In Latin American cultures, like that practiced on the island of Puerto Rico, my family’s home, Dia de los Tres Reyes (Three Kings Day) carries greater significance than Christmas. The reason, however, differs from the Eastern Orthodox celebration on that day. For them, the baptism of Jesus is the historical event of significance, not the visit of the three Magi. Both traditions, therefore, celebrate two distinct moments in the life of Jesus occurring, traditionally, on the same day- January 6th.
As much as I tried to convince my family (wife and children) to shift our celebrations from the 24th/ 25th of December to the 6th of January, I have only met failure. Like so many other families that have migrated to the US, customs and traditions from the place of origin undergo a metamorphosis. In the worst case, it disappears; supplanted by the commercial juggernaut of Christmas in the United States.
My children and wife are Christian in practice and belief, while I am Muslim. The importance of Jesus in our respective faiths, while differing in substance and details, is a point of convergence. While I know that these historical/ religious events are significant, I’m afraid that the next and future generations will not. I believe that the traditional birthdate of Jesus and the visit by the Magi are completely overwhelmed by our commercialism. This is a fight that will last the rest of my life.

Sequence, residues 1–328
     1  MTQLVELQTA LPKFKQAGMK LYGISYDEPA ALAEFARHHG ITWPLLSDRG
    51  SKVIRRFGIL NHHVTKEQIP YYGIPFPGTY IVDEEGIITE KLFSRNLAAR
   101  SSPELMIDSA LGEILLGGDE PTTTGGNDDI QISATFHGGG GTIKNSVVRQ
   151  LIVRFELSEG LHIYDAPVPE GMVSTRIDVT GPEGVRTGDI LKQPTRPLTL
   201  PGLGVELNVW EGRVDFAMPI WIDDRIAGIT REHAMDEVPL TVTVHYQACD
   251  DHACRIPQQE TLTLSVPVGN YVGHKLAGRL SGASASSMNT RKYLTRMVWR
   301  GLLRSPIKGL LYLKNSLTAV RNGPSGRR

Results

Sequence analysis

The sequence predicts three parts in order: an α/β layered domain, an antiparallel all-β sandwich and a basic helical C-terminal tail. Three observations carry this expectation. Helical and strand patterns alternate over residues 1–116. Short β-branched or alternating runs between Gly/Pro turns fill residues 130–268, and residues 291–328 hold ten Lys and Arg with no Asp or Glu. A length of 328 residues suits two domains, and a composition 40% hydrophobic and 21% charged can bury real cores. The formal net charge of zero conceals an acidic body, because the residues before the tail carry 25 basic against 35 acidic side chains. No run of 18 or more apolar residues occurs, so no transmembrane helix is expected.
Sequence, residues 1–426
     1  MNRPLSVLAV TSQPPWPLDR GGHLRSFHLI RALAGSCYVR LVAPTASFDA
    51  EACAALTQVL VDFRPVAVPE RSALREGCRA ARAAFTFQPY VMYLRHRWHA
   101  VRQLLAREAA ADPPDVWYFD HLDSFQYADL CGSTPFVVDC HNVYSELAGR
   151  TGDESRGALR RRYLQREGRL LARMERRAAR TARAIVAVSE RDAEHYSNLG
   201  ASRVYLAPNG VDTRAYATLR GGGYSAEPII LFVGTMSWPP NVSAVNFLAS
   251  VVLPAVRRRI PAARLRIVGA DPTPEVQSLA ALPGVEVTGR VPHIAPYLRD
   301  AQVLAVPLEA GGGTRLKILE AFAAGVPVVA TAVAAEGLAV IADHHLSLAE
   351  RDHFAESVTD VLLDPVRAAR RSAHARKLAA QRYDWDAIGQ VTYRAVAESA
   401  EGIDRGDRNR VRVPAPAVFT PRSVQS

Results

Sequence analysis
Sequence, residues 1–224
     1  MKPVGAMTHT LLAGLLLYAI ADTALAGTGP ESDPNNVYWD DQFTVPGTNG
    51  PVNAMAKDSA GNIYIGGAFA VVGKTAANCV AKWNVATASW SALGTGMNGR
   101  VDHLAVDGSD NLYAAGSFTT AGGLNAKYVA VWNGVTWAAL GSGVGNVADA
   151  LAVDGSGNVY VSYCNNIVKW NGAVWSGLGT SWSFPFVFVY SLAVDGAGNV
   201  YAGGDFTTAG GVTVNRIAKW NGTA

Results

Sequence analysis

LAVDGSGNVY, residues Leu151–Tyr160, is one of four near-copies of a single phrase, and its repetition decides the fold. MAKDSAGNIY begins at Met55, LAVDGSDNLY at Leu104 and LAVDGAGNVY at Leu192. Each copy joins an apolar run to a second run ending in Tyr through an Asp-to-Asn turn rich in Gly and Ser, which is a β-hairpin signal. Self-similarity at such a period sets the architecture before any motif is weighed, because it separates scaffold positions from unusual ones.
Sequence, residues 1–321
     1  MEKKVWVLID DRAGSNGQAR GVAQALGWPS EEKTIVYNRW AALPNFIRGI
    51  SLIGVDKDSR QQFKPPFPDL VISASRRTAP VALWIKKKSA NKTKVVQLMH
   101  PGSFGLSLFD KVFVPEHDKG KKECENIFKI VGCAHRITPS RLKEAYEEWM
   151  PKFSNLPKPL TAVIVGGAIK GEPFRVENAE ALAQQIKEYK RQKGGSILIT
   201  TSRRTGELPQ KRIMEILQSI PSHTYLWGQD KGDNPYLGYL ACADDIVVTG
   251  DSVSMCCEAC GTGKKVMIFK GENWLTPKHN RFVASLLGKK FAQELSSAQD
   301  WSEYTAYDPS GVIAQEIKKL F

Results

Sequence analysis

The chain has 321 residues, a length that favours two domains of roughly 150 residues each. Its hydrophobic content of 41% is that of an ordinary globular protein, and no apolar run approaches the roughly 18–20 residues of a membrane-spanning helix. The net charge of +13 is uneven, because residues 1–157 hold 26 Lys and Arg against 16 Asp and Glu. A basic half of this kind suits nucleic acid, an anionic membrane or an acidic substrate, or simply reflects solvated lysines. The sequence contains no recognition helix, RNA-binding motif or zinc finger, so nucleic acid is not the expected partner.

Epiphany 2014: Dates, Customs, Scripture And History Of ‘Three Kings Day’ Explained (PHOTOS)
The Feast of the Epiphany, marking the end of the 12 Days of Christmas and the new season of Epiphany, is observed on Monday, January 6, 2014.
Epiphany — which is variously known as Theophany, Three Kings Day and El Dia de los Tres Reyes — is a Christian celebration of the revelation of the birth of Jesus to the wider world. This is embodied most in the story of three wise men visiting a newborn Jesus with gifts, found in the Gospel of Matthew 2:1-12.
In this story, Magi (wise men) from the east follow a star to Jerusalem, where they ask the presiding king, Herod, what he knows about a newly born “King of the Jews.” This sounds like a challenge to Herod, who gathers his priests to learn where and who is this king. They relay a prophecy that Messiah will be born in Bethlehem, and Herod sends the Magi there, saying: “Go and search carefully for the child. As soon as you find him, report to me, so that I too may go and worship him.” The wise men — Gaspar, Melchior and Balthasar — eventually find Mary and her son, Jesus, to whom they bow and worship. The Magi give Jesus gifts of gold, frankincense and myrrh, and then return home, for a dream told them to bypass Herod.
While Roman Catholic and Protestant Christianity focuses on the story of the Magi, Eastern Christians, like the Greek Orthodox, celebrate the baptism of Jesus on Epiphany and consider the day to be more important than Christmas.
Traditionally, Epiphany is observed by blessing the home (recalling the Magi’s visit to Jesus’ family), blessing water (especially the Jordan River, where Jesus was baptized), exchanging gifts, performing “Magi plays” (to tell the story of Jesus’ childhood) and feasting, most notably on a “King Cake.”
Read or listen to T.S. Eliot’s poem Journey of the Magi here.